When journalists are killed there is little of the outrage one would expect over the deaths of men and women charged with providing information, analysis and interpretation on matters of common concern. The journalists killed in this country because of their work are casualties of their own profession’s failure to be worthy of Constitutional protection. That protection is premised on the value of free expression and a free press to the processes of democratization. Instead of being protected, uniquely among those countries with pretensions to democracy are journalists routinely killed in this country, as part of the collateral damage of a weak justice system, warlordism, and local conflicts.

But if journalists were as a rule more ethical and more professional, and as a result doing a better job reporting and explaining the social, political and natural environment to the Filipino public, they would be so valued in the communities as to merit the protection of the people themselves and their loss universally lamented.

That is not happening. Together with the weaknesses of the justice system and the privatization of police, military and paramilitary units which assure them that their prosecution will be unlikely if not impossible, the absence of widespread public outrage is a crucial factor in the encouragement, in fact the boldness, of the killers of journalists. That a demonstration against the killing of journalists in which there are more ordinary citizens than media workers has so far not been forthcoming from the communities is one more factor in the making and persistence of the culture of impunity.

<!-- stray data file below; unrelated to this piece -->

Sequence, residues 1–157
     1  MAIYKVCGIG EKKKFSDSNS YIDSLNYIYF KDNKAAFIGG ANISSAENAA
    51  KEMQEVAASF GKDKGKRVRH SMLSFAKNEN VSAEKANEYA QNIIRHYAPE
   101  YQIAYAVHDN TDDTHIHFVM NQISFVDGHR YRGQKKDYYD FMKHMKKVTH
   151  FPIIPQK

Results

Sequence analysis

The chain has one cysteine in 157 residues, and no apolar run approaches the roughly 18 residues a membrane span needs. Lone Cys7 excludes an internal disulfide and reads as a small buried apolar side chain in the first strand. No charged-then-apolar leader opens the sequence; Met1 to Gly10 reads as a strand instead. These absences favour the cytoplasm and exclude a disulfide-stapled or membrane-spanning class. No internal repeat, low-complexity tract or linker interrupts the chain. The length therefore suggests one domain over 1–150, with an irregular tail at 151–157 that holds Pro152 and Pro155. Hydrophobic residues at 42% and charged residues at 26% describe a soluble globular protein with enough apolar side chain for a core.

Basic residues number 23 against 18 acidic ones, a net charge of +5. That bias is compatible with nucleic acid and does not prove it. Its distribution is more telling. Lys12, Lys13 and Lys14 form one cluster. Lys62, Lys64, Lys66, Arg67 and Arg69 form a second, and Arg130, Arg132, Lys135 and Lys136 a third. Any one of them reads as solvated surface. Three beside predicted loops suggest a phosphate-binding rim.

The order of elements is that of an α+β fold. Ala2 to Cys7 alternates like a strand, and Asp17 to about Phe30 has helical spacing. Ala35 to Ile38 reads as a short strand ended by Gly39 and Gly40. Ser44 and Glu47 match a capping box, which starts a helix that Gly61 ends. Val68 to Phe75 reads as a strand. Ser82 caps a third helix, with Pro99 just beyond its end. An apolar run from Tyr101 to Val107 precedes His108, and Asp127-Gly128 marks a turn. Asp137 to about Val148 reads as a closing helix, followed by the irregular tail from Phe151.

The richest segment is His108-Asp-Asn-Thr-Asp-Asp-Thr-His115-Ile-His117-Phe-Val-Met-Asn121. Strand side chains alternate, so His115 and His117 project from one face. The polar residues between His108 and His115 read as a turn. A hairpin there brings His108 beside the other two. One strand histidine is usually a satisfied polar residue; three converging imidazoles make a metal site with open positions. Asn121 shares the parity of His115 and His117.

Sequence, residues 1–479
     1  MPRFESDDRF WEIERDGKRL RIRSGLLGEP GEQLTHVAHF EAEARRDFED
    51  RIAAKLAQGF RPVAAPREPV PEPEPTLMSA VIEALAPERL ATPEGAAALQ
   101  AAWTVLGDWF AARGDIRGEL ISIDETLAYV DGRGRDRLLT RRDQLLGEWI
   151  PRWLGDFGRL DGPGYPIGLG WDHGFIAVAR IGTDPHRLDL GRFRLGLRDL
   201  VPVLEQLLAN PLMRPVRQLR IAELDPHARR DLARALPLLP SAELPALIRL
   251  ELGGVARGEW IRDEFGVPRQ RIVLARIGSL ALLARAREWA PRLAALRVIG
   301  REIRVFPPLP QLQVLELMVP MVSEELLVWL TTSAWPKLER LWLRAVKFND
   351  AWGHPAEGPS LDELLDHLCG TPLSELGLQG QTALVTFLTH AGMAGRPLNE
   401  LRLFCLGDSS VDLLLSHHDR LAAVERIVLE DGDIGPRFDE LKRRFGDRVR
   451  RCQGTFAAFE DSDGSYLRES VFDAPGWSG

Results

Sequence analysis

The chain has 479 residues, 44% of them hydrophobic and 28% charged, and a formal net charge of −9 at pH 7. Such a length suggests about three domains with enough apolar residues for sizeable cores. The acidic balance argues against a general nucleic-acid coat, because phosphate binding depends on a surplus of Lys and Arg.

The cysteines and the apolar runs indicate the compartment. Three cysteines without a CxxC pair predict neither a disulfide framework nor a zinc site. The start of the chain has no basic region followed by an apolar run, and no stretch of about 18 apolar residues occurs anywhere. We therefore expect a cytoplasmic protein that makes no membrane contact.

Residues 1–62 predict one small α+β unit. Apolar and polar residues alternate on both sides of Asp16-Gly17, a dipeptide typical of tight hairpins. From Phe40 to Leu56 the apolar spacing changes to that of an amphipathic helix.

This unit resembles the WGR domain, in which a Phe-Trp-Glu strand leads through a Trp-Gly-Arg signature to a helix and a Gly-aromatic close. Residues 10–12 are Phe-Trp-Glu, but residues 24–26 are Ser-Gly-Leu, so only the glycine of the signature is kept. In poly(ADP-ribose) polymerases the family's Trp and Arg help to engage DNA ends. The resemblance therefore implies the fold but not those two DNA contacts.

The responsibilities of the media in a democracy, or in those countries that would be democracies, hardly need elaboration. But they do need to be restated for the edification of those practitioners who have either forgotten them, or haven’t even the foggiest as to what they are. Those responsibilities are both simple as well as complex. They are as simple as that of reporting what happened accurately and fairly. But they are also as complex as doing so without plagiarizing someone else’s work, sexism, subjecting the powerless to ridicule, being the lap dogs of power, harming the innocent and vulnerable, and further dividing a country already splintered into warring factions. Media ethics, after all, has to do not only with journalists’ lives, welfare and safety, but also with the lives of the people, and the survival of whatever remains of democracy in this troubled land.

Adapted from the author’s presentation at the National Union of Journalists of the Philippines commemoration of World Press Freedom Day on May 3, 2011.


Prof. Luis V. Teodoro is a former dean of the University of the Philippines College of Mass Communication, where he used to teach journalism. He writes political commentary for BusinessWorld.